Shift register 125 includes a number of delay elements, three flip-flops D1-D3 in this example, that apply historical data bits to the reference voltage side of the differential amplifier 115 via respective resistors R1, R2, and R3. The value of each resistor is selected to provide appropriate weight for the expected effect of the corresponding historical bit. In this example, the value of resistor R3 is high relative to the value of resistor R1 because the effect of the older data (D3) is assumed to be smaller than the effect of the newer data (D1). For the same reason, the resistance of resistor R2 is between the resistors R1 and R3. Receiver 100 includes a relatively simple DFE circuit for ease of illustration: practical DFE circuits may sample more or fewer historical data values. For a more detailed discussion of a number of receivers and DFE circuits, see U.S. Pat. No. 6,493,394 to Tamura et al., issued Dec. 10, 2002, which is incorporated herein by reference.

The importance of accurate data reception motivates receiver manufacturers to characterize carefully their system's ability to tolerate ISI and other types of noise. One such test, a so-called “margin” test, explores the range of voltage and timing values for which a given receiver will properly recover input data.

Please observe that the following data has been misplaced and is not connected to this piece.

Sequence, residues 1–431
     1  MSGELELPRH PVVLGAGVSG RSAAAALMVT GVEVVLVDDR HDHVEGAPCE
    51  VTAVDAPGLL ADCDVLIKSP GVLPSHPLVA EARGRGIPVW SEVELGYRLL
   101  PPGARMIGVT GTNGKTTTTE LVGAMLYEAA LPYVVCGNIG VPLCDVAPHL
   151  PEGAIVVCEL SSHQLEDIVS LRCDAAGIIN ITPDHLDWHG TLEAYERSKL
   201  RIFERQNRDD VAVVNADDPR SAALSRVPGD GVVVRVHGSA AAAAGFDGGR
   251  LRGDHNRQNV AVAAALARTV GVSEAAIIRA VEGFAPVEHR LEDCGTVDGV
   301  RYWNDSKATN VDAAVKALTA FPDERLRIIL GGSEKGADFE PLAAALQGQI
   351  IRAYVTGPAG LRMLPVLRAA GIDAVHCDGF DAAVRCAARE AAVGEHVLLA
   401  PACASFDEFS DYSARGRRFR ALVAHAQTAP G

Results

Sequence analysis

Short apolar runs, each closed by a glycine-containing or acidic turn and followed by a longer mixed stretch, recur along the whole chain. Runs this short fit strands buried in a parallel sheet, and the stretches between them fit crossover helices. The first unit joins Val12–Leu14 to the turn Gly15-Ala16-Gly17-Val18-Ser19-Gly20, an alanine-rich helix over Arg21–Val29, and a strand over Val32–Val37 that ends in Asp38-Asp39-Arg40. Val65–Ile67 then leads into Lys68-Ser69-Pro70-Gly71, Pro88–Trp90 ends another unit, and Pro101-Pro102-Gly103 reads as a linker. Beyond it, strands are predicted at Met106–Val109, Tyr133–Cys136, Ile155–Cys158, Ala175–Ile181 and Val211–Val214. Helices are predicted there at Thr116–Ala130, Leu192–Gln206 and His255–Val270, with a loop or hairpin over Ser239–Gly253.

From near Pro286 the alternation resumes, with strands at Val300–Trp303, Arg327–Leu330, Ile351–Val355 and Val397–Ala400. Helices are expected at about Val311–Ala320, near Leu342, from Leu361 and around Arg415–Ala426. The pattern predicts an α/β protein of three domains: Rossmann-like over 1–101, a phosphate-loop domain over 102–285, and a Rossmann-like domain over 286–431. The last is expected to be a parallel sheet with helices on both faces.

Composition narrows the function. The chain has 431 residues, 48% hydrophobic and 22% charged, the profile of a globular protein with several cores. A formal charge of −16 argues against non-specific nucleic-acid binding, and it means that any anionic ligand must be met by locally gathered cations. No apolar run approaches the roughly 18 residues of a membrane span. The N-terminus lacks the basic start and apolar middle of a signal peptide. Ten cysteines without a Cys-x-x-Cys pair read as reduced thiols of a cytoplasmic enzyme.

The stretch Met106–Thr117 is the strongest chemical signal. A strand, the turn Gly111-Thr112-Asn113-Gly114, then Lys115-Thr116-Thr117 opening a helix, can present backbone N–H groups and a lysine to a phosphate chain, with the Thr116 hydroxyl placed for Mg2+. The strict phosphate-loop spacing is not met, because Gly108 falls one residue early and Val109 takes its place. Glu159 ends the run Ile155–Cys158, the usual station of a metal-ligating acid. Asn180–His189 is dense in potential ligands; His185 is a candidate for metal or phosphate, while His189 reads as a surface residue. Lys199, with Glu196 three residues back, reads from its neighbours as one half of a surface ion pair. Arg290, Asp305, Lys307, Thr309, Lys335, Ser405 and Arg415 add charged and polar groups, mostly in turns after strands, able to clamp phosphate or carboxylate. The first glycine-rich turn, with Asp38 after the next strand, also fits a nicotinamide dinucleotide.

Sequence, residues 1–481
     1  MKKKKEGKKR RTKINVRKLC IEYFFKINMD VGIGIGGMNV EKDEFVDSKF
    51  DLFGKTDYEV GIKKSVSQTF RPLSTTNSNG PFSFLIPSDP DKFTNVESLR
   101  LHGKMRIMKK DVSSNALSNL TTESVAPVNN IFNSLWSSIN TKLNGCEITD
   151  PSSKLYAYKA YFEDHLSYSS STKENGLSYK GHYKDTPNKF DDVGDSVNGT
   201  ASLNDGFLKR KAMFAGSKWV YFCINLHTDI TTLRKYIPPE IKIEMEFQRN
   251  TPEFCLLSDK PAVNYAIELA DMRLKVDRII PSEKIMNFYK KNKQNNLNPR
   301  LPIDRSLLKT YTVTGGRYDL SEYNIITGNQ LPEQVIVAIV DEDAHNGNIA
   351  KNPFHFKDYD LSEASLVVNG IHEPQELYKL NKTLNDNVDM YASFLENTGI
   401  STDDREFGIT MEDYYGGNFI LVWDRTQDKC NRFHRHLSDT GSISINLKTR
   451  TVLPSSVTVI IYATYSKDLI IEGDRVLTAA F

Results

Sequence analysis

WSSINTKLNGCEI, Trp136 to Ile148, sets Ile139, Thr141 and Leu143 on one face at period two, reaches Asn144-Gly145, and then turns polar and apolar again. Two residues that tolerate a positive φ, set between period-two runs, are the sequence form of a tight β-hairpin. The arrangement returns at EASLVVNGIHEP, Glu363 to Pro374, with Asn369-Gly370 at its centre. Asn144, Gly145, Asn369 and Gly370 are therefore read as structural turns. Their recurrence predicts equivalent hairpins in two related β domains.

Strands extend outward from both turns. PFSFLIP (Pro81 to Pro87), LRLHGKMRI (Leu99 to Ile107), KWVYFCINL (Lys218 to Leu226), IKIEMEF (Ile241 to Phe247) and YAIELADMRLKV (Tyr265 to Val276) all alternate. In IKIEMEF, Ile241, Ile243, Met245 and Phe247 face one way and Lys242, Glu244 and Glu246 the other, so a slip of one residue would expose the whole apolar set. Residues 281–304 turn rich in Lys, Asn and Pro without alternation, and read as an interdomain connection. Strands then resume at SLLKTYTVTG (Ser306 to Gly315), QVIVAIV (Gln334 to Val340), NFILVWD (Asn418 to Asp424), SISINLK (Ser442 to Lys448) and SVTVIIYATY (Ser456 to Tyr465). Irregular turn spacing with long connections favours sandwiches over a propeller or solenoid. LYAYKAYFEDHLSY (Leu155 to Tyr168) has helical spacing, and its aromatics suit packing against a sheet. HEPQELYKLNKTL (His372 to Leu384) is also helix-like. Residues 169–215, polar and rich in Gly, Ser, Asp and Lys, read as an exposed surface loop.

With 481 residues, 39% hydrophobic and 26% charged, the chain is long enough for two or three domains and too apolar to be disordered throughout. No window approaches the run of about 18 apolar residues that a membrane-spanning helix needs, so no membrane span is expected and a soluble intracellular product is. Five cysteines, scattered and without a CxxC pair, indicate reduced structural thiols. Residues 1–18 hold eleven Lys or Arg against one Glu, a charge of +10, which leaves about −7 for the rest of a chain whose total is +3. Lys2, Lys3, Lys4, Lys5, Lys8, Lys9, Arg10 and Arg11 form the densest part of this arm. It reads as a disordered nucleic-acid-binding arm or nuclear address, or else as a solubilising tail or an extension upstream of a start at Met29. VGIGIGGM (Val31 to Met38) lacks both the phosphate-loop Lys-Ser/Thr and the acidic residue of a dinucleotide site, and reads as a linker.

FIG. 2 depicts a fictional eye pattern 200 representing differential input data to a conventional receiver. Eye pattern 200 is graphed in two dimensions, voltage V and time T. The area of eye 205 represents a range of reference voltages and timing parameters within which the data represented by eye 205 will be captured. The degree to which the voltage V and time T can vary without introducing an error is termed the “margin.”

FIGS. 3A through 3C depict three signal eyes 300, 305, and 310 illustrating the effects of DFE on margins and margin testing. Referring first to FIG. 3A, eye 300 approximates the shape of eye 205 of FIG. 2 and represents the margin of an illustrative receiver in the absence of DFE. FIG. 3B represents the expanded margin of the same illustrative receiver adapted to include DFE: the DFE reduces the receiver's ISI, and so extends the margins beyond the boundaries of eye 300. Increasing the margins advantageously reduces noise sensitivity and improves bit error rates (BER).